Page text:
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Title: Representations of empire : images of foreign peoples and places on Roman coinage (138 B.C.-96 A.D.)
Author: MacDougall, Ellen Margaret Hope
ISNI:       0000 0004 6499 0015
Awarding Body: University of St Andrews
Current Institution: University of St Andrews
Date of Award: 2017
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This thesis examines figural representations of foreign peoples and places on Roman coinage. An accompanying appendix thoroughly catalogues this imagery between its earliest extant appearance in approximately 138 B.C. and the death of Domitian in 96 A.D. A systematic survey makes it possible to nuance existing narratives of the development of this imagery that privileged the late first and early second centuries A.D. as the key moments of change by revealing considerable diversity and innovation in the earlier period. A second contribution is methodological, highlighting the need for contextual analysis of individual issues to supplement the typological approach that has dominated earlier scholarship. Chapter One focuses on image types produced between 138-31 B.C. This was a particularly vibrant period for the production of these images and the chapter reveals a diverse spectrum of imagery. This contrasts sharply with previous assessments that characterised the period as dominated by images of submission. Chapter Two concentrates on Augustan imperial coinage (31 B.C.-14 A.D.) and identifies a shift towards more consistent usage of submissive imagery. Chapter Three highlights a significant decline in the use of images of foreign peoples and places on imperial coinage minted by the Julio-Claudian successors (14-68 A.D.). Chapter Four identifies a dramatic, albeit inconsistent, resurgence in the use of personifications of foreign peoples and places on coinage minted by competing imperial claimants during the civil wars of 68-69 A.D. Chapter Five focuses on Flavian imperial coinage (69-96 A.D.) and uncovers a significant resurgence in captive imagery. It identifies a new blurring of the lines between the iconographic traditions of captives and personifications of peoples and places. This blending of the two traditions lays important foundations for subsequent imagery on Trajanic imperial coinage.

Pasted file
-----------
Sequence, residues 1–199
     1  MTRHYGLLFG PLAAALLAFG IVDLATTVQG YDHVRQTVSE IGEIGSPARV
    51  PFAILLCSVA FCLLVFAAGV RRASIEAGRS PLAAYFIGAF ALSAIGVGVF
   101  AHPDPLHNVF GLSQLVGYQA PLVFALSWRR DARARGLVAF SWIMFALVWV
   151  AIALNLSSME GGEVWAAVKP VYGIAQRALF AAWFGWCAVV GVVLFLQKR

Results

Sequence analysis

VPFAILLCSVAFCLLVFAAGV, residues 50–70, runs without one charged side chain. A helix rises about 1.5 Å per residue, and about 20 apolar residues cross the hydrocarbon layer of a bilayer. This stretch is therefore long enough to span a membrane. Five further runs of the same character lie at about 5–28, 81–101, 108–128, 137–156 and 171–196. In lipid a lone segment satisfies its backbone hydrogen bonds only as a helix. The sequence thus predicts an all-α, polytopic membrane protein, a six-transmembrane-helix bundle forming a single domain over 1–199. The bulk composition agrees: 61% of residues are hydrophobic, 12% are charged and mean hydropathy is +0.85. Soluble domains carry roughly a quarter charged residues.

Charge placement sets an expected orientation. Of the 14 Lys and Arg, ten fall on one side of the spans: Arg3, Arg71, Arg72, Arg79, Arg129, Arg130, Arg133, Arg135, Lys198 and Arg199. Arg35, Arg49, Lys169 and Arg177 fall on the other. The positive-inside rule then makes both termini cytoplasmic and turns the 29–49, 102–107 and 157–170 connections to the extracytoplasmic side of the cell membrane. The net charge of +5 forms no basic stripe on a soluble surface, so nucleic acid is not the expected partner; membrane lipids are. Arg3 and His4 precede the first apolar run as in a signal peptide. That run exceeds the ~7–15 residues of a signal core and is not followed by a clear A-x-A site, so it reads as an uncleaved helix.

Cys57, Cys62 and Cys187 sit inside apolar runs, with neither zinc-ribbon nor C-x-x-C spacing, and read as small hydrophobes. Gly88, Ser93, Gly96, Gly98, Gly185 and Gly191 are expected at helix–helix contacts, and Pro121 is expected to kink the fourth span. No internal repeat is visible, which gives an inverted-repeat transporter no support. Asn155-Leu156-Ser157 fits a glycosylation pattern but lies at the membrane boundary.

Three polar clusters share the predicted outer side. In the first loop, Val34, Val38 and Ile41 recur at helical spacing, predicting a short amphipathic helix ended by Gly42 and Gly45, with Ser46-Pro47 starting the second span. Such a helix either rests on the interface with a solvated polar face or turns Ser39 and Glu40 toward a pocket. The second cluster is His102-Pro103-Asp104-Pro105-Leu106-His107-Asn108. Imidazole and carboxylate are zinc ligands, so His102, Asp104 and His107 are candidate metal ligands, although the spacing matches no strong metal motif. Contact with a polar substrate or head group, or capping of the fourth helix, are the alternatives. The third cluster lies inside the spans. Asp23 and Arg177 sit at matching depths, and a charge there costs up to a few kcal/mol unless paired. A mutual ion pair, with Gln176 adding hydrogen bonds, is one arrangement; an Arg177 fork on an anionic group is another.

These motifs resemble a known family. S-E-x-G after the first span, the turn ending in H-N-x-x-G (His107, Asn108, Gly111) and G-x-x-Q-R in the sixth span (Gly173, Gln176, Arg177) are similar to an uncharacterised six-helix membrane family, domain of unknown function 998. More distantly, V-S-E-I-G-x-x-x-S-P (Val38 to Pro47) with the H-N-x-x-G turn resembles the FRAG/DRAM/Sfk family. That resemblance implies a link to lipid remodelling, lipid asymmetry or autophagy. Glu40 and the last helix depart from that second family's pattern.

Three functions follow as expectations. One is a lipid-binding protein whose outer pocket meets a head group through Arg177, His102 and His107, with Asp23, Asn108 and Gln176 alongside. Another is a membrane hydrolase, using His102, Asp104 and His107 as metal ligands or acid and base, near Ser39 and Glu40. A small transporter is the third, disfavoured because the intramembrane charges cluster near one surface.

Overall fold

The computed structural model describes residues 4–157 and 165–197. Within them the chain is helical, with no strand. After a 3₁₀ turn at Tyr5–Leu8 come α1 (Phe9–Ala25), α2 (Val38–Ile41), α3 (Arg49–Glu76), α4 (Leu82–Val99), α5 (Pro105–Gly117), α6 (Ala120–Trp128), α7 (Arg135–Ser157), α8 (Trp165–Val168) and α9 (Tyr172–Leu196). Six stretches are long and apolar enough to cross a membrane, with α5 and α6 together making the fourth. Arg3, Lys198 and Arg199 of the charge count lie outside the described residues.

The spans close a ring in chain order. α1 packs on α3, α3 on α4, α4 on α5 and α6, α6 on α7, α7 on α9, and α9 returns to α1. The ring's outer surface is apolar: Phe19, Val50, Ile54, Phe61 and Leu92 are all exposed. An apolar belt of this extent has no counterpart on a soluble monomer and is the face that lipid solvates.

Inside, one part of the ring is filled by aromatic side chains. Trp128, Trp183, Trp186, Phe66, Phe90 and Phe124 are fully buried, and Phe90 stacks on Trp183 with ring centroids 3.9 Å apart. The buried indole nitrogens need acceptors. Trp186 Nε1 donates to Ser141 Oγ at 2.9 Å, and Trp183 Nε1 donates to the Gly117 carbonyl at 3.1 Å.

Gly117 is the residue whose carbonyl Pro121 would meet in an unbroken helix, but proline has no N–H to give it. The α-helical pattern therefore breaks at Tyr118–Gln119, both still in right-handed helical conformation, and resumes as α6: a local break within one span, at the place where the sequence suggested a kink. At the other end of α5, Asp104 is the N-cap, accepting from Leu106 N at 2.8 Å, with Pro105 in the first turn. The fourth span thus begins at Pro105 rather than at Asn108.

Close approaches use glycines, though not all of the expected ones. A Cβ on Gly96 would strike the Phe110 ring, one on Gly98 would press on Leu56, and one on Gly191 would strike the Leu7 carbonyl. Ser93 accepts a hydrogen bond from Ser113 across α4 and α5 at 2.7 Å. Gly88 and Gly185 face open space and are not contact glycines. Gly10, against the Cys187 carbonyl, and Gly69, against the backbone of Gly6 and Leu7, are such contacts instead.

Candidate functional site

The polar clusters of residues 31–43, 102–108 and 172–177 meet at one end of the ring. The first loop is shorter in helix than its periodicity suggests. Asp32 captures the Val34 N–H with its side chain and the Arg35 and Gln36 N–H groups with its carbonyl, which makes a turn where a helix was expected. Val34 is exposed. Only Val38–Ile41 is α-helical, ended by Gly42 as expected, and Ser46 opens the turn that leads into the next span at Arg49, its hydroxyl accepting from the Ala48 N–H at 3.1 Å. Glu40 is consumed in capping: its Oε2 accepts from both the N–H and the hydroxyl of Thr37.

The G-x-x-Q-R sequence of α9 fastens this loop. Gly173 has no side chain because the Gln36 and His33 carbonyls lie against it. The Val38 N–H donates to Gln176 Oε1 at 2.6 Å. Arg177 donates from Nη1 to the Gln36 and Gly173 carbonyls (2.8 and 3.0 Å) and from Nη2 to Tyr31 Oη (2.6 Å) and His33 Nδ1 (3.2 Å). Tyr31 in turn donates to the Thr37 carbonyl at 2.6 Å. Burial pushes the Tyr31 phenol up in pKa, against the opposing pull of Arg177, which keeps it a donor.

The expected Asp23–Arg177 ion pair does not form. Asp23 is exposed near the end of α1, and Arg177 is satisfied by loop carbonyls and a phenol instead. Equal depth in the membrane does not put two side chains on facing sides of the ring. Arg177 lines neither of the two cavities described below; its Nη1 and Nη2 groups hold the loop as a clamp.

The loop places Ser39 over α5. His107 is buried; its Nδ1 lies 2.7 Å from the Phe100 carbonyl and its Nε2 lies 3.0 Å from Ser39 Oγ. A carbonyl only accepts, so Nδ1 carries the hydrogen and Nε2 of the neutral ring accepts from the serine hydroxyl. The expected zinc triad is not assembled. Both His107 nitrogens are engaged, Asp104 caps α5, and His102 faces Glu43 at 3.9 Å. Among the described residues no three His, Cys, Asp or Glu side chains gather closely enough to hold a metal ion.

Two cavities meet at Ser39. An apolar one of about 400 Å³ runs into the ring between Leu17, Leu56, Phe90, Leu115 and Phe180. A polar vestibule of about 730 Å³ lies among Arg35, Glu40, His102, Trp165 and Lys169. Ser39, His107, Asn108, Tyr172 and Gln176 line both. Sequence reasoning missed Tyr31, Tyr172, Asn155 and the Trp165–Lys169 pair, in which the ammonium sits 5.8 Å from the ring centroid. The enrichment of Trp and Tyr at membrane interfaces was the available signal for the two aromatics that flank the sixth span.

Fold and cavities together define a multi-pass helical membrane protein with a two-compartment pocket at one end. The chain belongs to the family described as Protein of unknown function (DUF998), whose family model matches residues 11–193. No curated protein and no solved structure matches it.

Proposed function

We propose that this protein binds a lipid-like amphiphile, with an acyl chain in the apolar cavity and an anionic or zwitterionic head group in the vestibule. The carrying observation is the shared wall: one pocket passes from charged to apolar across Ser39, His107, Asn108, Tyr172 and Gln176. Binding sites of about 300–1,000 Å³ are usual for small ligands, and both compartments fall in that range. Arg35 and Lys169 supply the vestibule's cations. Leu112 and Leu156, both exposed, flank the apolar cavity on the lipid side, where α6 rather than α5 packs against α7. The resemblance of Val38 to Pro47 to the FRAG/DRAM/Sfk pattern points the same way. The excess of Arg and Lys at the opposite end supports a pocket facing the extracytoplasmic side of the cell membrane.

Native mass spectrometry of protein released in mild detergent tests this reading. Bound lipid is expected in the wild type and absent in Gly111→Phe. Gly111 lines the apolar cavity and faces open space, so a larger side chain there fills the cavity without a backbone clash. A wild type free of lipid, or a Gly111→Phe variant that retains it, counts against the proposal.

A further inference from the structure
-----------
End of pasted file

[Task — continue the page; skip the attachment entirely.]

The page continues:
Supervisor: Lavan, Myles Sponsor: University of St Andrews
Qualification Name: Thesis (Ph.D.) Qualification Level: Doctoral
EThOS ID:  DOI: Not available
Keywords: Numismatics ; Roman Republican coinage ; Roman imperial coinage ; Late Republican history ; Roman imperial history ; Roman art ; Ideologies of empire